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For this reason, critical thinking--the application of scientific thinking to all areas of study and topics of investigation--is being taught in schools throughout the United States, and its teaching is being encouraged as a universal ideal.You may perhaps have been exposed to critical thinking skills and exercises earlier in your education.
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To succeed in this science course and, more specifically, to answer some of the questions on the first exam, you should be familiar with a few of the concepts regarding the definition of science, scientific thinking, and the methods of science.
In other words, science is a method of discovering reliable knowledge about nature.
There are other methods of discovering and learning knowledge about nature (these other knowledge methods or systems will be discussed below in contradistinction to science), but science is the only method that results in the acquisition of reliable knowledge.
All scientists practice scientific thinking, of course, since they are actively studying nature and investigating the universe by using the scientific method.
But scientific thinking is not reserved solely for scientists.
Scientific and critical thinking was not discovered and developed by scientists (that honor must go to ancient Hellenistic philosophers, such as Aristotle, who also are sometimes considered the first scientists), but scientists were the ones to bring the practice of critical thinking to the attention and use of modern society (in the 17th and 18th centuries), and they are the most explicit, rigorous, and successful practitioners of critical thinking today.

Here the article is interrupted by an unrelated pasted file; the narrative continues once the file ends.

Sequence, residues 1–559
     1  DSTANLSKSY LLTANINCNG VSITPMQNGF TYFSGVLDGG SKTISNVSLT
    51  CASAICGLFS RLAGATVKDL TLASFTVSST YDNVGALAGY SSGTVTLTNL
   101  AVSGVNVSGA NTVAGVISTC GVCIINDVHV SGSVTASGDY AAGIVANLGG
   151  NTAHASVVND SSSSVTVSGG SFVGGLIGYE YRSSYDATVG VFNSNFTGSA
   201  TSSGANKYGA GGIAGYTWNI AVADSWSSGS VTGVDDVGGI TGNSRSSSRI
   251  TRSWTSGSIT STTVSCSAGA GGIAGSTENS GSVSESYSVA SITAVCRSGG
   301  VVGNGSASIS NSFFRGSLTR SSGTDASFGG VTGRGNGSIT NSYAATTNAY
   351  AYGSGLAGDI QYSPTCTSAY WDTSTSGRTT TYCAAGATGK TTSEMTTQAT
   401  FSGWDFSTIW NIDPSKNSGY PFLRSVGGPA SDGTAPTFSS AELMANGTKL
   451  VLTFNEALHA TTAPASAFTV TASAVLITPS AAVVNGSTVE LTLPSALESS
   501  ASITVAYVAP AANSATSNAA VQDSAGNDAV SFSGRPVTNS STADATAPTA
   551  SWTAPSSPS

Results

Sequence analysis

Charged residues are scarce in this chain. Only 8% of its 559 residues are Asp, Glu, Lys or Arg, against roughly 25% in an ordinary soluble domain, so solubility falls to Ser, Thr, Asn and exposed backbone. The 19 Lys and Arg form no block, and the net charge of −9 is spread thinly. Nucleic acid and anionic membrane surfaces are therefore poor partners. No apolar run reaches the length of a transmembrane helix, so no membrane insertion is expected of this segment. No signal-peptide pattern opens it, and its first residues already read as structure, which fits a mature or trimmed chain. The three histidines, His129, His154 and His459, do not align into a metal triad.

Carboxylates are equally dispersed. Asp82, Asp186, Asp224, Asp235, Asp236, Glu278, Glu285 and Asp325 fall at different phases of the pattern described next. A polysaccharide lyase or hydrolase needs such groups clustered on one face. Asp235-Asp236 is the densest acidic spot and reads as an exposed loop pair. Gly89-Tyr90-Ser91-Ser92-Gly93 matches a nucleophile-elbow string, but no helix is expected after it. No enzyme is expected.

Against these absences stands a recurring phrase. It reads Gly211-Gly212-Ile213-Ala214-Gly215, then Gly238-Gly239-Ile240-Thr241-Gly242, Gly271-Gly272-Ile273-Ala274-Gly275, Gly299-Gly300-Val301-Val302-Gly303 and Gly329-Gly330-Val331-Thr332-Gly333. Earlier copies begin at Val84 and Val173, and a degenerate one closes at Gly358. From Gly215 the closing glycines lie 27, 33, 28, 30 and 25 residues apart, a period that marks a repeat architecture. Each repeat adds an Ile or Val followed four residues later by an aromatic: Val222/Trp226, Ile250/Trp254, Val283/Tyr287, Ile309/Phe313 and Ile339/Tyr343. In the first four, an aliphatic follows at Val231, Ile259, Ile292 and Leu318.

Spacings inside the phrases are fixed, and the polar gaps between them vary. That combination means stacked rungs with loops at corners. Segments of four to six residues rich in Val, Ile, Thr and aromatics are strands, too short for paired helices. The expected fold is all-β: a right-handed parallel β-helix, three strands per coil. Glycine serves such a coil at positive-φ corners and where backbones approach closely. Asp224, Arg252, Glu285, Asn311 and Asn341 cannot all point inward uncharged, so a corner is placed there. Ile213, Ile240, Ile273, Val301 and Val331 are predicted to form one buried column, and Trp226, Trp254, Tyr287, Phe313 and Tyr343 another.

Some professionals in the humanities, social sciences, jurisprudence, business, and journalism practice critical thinking as well as any scientist, but many, alas, do not.
(Please note that I do not, as some do, make a distinction between belief and knowledge; I think that what one believes is one's knowledge.
The important distinction that should be made is whether one's knowledge or beliefs are true and, if true, are justifiably true.) Every person has knowledge or beliefs, but not all of each person's knowledge is reliably true and justified.